AMES — Matt Campbell knows both sides.
The second-year Iowa State coach has led midlevel football programs to wins against Power 5 programs and has lost to an FCS school in a span of two years.
When Iowa State plays at Akron on Saturday, he’ll be taking on a familiar program in his home state. The key for his Cyclones (1-1), though, is to approach the matchup against the Zips (1-1) similarly to how his Toledo teams used to view Power 5 opponents.
Kickoff is 11 a.m. Saturday at InfoCision Stadium-Summa Field (CBS Sports Network).
“Is it great going back to Ohio? Absolutely,” Campbell said. “But, I also know what’s waiting for us in Ohio and that’s a great challenge. And so is the first road game.
“I look forward to that challenge for this team and to see what our response is as a football program this week.”
Iowa State found a consistent identity in the first two weeks. It scored 42 and 41 points against Northern Iowa and Iowa, winning by three scores and losing by three points in overtime, respectively. Weeks 1 and 2 were starkly different for Akron.
The Zips were thumped 52-0 at No. 5 Penn State and beat Arkansas-Pine Bluff, 52-3, at home the following week. The Zips aren’t without talent, either.
They have a sixth-year running back in Warren Ball, who transferred from Ohio State, and quarterback Thomas Woodson has started 20 games in his career. Akron Coach Terry Bowden, the former Auburn coach and son of coaching great Bobby Bowden, led his team to an 8-5 season — including a bowl win — in 2015. The Zips were 5-7 last season.
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Bowden, who was 1-1 against Toledo when Campbell coached there, said he’s seen substantial progress from Iowa State in the year-plus since Campbell arrived.
“We’re playing a program on the upswing,” Bowden said. “That’s what we’re playing in Iowa State and we’ll have to play our best football, not turn it over, play our best football and hope they come in here a little bit flat.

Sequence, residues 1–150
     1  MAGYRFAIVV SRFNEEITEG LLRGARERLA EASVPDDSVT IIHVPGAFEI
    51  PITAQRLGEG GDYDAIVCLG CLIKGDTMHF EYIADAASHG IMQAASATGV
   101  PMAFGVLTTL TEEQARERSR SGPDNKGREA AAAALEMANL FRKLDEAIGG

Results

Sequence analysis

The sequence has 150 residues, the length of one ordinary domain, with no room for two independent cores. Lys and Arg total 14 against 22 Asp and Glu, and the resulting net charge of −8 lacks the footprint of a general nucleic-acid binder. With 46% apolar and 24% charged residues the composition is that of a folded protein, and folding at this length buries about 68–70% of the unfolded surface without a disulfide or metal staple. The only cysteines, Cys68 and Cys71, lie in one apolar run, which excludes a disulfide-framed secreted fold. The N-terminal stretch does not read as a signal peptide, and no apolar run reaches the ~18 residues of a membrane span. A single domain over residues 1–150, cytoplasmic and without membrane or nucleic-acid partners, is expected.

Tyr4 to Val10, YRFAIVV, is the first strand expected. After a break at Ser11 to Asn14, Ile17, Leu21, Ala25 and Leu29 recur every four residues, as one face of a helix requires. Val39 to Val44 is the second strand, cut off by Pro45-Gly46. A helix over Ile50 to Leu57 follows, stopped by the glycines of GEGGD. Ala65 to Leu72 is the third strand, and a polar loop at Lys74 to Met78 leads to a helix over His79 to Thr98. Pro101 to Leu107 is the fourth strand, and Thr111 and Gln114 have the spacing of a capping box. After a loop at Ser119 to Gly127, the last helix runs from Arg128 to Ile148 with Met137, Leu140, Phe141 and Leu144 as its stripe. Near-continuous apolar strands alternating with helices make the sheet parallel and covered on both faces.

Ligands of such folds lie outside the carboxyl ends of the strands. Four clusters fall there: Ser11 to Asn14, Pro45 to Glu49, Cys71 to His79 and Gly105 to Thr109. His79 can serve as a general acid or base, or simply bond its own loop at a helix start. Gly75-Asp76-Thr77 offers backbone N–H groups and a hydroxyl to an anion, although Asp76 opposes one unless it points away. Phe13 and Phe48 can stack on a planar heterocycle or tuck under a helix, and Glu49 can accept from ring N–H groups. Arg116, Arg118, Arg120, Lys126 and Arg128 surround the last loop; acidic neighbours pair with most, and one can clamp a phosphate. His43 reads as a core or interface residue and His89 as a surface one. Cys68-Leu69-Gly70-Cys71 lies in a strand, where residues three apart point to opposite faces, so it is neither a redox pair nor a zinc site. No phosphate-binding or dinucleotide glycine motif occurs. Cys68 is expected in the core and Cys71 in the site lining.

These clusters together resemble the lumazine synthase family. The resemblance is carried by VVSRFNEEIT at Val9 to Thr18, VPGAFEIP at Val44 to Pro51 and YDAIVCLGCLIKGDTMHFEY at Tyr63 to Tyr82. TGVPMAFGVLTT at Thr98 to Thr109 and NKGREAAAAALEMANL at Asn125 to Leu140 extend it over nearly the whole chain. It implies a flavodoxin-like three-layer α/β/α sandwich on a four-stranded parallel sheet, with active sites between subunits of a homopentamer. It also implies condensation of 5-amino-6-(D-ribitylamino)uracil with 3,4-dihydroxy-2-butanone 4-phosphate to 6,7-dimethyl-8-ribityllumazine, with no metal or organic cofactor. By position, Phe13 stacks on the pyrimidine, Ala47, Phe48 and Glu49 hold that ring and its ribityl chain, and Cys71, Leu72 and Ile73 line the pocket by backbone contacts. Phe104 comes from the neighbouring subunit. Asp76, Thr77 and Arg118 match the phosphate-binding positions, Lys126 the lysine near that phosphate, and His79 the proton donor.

“I’ve been a head coach 24 years and I do not believe you win Xs and Os, you win with Jimmys and Joes. He’s getting football players there that can play football.”
Sophomore running back David Montgomery has been perhaps the brightest light for the Cyclones in the first two weeks. He’s averaging 107 rushing yards during the last five games — including last year — and has proved himself a capable pass catcher who can get extra yards at the goal line.
Montgomery, who is a Cincinnati native, said he’ll have roughly 58 friends and family at the game Saturday, but isn’t getting too caught up in the success he’s had in his young career. His mom influenced his demeanor.
“I don’t like when it’s about me. It just never has been,” Montgomery said. “It just never has been my whole life and I don’t plan on it changing any way soon. I kind of just take it how it is.”
Iowa State’s biggest task defensively will be slowing Ball down. He has 173 rushing yards and three scores this season, most of which came against Arkansas-Pine Bluff. He’s 6-foot-1 and 225 pounds, and gives Akron a burly running back who can get through contact — much like Montgomery.
“He’s very big and he’s very agile,” said sophomore linebacker Marcel Spears, who is averaging 11.5 tackles per game. “We just have to make sure we get him on the ground.”
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